Copyright is a type of intellectual property right that is provided to the author or creator of the original work, and it gives the author or creator the right to protect and preserve their work. Section 14 of the Copyright Act, 1957 (hereinafter referred as “Act”) defines the meaning of copyright as the exclusive right to do or authorise to reproduce, duplicate, transcribe and translate either the original work or any substantial part of it. Copyright subsists in original works i.e., literary, dramatic, musical, artistic, cinematographic, sound recording, broadcaster & performer’s rights.
When someone uses the copyrighted work without the authorization of the creator/owner it amounts to infringement of the copyright. The owner or creator of the work has exclusive right to either sell his work or license the work to third parties to use the work. However, if someone reproduces, duplicates or uses such work without the permission or license of the copyright holder it shall lead to copyright infringement. The copyright holder has the right to take legal action against such persons for infringing the copyright. Section 51 of the Act enumerates when and what amounts to copyright infringement.
“Infringement of a copyright is a trespass on a private domain owned and occupied by the owner of the copyright, and, therefore, protected by law, and infringement of copy right, or piracy, which is a synonymous term in this connection consists in the doing by any person, without the con sent of the owner of the copyright, of anything the sole right to do, which is conferred by the statute on the owner of the copyright.”
Exceptions to Copyright Infringement
There are certain acts which does not amount to copyright infringement and section 52 of the Act lists down the acts which shall not constitute an infringement. The act of fair dealing with any work for the purpose of private or personal use, including research, criticism or review of the work and reporting of current affairs/events, including reporting of a lecture delivered in public shall not constitute an infringement of copyright.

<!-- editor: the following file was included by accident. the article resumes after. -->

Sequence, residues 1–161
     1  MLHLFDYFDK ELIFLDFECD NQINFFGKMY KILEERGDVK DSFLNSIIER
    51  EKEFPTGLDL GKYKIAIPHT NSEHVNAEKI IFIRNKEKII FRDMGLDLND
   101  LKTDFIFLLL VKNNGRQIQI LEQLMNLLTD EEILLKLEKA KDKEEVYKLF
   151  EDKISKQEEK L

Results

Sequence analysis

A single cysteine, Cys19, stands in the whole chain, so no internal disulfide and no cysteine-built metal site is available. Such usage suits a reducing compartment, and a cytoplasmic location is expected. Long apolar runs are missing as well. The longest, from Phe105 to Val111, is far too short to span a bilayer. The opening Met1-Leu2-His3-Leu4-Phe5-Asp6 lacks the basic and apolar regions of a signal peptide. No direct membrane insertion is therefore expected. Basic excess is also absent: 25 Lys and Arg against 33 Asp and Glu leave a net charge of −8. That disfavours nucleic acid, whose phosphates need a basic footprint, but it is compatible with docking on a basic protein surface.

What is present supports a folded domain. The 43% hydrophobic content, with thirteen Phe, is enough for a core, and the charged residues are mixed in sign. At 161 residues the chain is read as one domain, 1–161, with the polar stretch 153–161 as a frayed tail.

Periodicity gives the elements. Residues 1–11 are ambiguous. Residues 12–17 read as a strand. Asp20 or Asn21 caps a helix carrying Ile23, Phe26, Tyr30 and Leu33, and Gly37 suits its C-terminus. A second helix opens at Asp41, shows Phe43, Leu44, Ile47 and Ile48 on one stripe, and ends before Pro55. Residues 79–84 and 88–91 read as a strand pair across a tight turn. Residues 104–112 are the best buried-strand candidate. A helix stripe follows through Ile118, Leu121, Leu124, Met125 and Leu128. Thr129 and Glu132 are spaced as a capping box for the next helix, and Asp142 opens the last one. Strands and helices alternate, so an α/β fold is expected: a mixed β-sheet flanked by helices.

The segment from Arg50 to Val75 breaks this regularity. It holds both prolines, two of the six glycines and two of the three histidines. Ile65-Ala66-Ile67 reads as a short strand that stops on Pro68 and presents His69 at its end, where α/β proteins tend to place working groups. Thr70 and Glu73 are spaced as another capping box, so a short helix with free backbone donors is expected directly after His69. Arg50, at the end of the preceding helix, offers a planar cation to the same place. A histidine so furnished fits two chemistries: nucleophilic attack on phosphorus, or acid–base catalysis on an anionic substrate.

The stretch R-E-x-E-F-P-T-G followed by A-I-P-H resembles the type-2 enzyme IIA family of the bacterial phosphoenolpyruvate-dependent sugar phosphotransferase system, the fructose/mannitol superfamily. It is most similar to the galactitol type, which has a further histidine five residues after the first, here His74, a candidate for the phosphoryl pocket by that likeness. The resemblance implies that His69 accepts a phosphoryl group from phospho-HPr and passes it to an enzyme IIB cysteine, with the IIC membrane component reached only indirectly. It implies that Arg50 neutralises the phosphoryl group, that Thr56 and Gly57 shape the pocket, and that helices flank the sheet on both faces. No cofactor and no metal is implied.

Test for Copyright Infringement
The three factors that Courts look into while deciding the infringement of a copyright is the quantum of the original work copied, what is purpose of copying such work and the likelihood of the competition between the alleged copied work and the original work. The Indian Courts use the following tests to find if there is an infringement of the copyright or not:
- Total concept and feel test – this is used to determine whether an ordinary observer or the audience is able to recognize the similarity of that work with the original copyrighted work.
- Extrinsic-intrinsic test – the extrinsic test is used to determine whether there was substantial similarity in general ideas of the original and infringed work whereas the intrinsic test is used to measure the substantial similarity in the protectable expression of both the works.
Remedies for Copyright Infringement
The copyright holder has both civil and criminal remedies under the Copyright Act, 1957 to protect and preserve his/her original work. Section 55 of the Act provides civil remedies for infringement of copyright and the copyright holder can file a suit before the District Court or High Courts claiming for the relief of injunction and damages. Section 63 of the Act enumerates that the copyright infringement is a criminal offence and the prescribes punishment thereunder.
The main purpose of the copyright act is to protect the original work and preserve the rights of the copyright holders. If anyone infringes the original or copyrighted work of the owner/creator, then he/she shall face both civil and criminal liability.